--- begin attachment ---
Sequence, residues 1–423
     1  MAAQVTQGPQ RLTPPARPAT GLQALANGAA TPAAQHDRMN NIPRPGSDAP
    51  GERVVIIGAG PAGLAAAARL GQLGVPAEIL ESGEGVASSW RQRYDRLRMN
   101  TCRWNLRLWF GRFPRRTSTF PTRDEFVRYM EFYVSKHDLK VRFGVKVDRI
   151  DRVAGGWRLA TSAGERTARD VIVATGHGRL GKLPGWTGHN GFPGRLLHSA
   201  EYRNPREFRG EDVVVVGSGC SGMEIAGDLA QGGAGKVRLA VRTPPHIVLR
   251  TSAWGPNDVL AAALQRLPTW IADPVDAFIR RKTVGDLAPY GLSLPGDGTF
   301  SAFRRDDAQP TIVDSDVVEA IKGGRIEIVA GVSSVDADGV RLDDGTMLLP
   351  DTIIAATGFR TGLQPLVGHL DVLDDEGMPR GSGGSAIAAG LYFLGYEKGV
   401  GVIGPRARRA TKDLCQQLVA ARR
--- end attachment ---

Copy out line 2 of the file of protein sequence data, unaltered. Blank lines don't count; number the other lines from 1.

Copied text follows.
     1  MAAQVTQGPQ RLTPPARPAT GLQALANGAA TPAAQHDRMN NIPRPGSDAP